Minister for Health Stephen Donnelly has said there was “absolutely no suggestion” that unvaccinated children could not return to school.
It was “ethical and right” to protect children and society from coronavirus, but it was up to parents to decide if their child should be vaccinated against Covid-19, he told RTÉ radio’s Morning Ireland.
Ireland had a high take-up of Covid vaccines, he said, pointing out that in the first 90 minutes of the opening of the HSE portal to register 16- to 17-year-olds, there had been 10,000 registrations.
Speaking earlier on Newstalk radio, Mr Donnelly said his priority was to get the vaccine to children aged 12-15 who were at high risk or vulnerable or were from families with such conditions.
There were 269,000 children in the 12-15 age group, he said. There was a need to listen carefully and respectfully to any parents who had concerns, but the National Immunisation Advisory Committee had determined that the benefits of being vaccinated far outweighed any risks.
Mr Donnelly outlined the plans for booster vaccines in the autumn, which will be combined with the flu vaccine.
“We’ll have the biggest vaccine activity in any winter in the history of the State. We’re looking at the best way to do that,” he said.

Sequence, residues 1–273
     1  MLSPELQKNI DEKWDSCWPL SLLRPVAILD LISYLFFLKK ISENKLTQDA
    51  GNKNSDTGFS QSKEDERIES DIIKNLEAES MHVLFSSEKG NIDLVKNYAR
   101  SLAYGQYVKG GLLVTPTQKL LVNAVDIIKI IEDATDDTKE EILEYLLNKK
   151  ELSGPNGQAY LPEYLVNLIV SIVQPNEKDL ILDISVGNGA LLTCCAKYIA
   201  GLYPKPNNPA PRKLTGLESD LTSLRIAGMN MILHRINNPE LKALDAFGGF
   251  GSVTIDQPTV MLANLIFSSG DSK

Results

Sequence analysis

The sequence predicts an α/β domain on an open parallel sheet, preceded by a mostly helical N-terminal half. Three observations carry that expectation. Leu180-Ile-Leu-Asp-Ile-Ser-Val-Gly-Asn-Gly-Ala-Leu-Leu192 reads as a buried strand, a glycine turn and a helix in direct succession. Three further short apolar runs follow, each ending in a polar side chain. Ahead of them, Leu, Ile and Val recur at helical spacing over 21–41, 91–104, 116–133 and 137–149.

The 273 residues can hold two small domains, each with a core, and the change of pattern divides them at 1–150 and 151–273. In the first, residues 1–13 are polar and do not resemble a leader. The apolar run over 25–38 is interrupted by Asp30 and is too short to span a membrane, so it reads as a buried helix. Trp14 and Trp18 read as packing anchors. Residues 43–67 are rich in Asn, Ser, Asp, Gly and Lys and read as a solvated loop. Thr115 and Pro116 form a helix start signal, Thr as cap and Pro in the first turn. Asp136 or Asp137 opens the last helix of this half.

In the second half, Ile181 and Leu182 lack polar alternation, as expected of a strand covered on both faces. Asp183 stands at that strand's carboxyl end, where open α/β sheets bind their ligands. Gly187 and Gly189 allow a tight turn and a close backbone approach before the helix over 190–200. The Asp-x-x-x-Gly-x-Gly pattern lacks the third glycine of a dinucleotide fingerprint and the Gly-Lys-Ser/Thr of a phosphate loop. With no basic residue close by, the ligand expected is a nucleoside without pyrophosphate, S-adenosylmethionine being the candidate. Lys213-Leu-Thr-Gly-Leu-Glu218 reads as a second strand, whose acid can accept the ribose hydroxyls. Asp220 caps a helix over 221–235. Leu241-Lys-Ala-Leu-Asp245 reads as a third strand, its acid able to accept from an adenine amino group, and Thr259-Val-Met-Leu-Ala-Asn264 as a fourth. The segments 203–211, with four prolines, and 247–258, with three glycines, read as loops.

The priority will be four cohorts – residential care home residents, frontline workers, the over-80s and the immuno compromised, he told RTÉ.
When asked about the Tánaiste’s request for more detailed Covid hospital statistics, Mr Donnelly said he agreed that it was important to know the vaccination status of patients – whether they had their first or second dose, how many days they were after their second dose.
Of the 124 Covid patients who had been in intensive care, only one had had both doses. The Department of Health was working with the HSE to get such information, he said.
Meanwhile, the Covid-19 adviser for the Irish College of General Practitioners, Dr Mary Favier, has said that GPs would be happy to answer any questions parents might have about giving the vaccine to their children.
Dr Favier, who is also a member of the National Public Health Emergency Team (Nphet), told Newstalk radio that parents of high risk or vulnerable children had been asking for the vaccine for some time.
GPs were prepared to address any concerns parents could have about the vaccine, which had been proven to be effective and safe with very few side effects.
Currently one in five Covid cases were in this age group, said Dr Favier, which was why vaccination was so important for the individuals and for the population in general. She anticipated that the vaccine rollout to this cohort would commence with high risk and vulnerable children and would then be open to all in the 12-15 age group.
Extending the vaccination programme to this age group was going to have “a huge impact” on the return to school and would play an important role in education in general, she added.
While children generally did not experience extreme symptoms from Covid-19, said Dr Favier, there had been cases of long Covid. This was a significant concern and parents would want their children to be safe.
It would be an individual decision for parents, but GPs would be there to assist them with answers.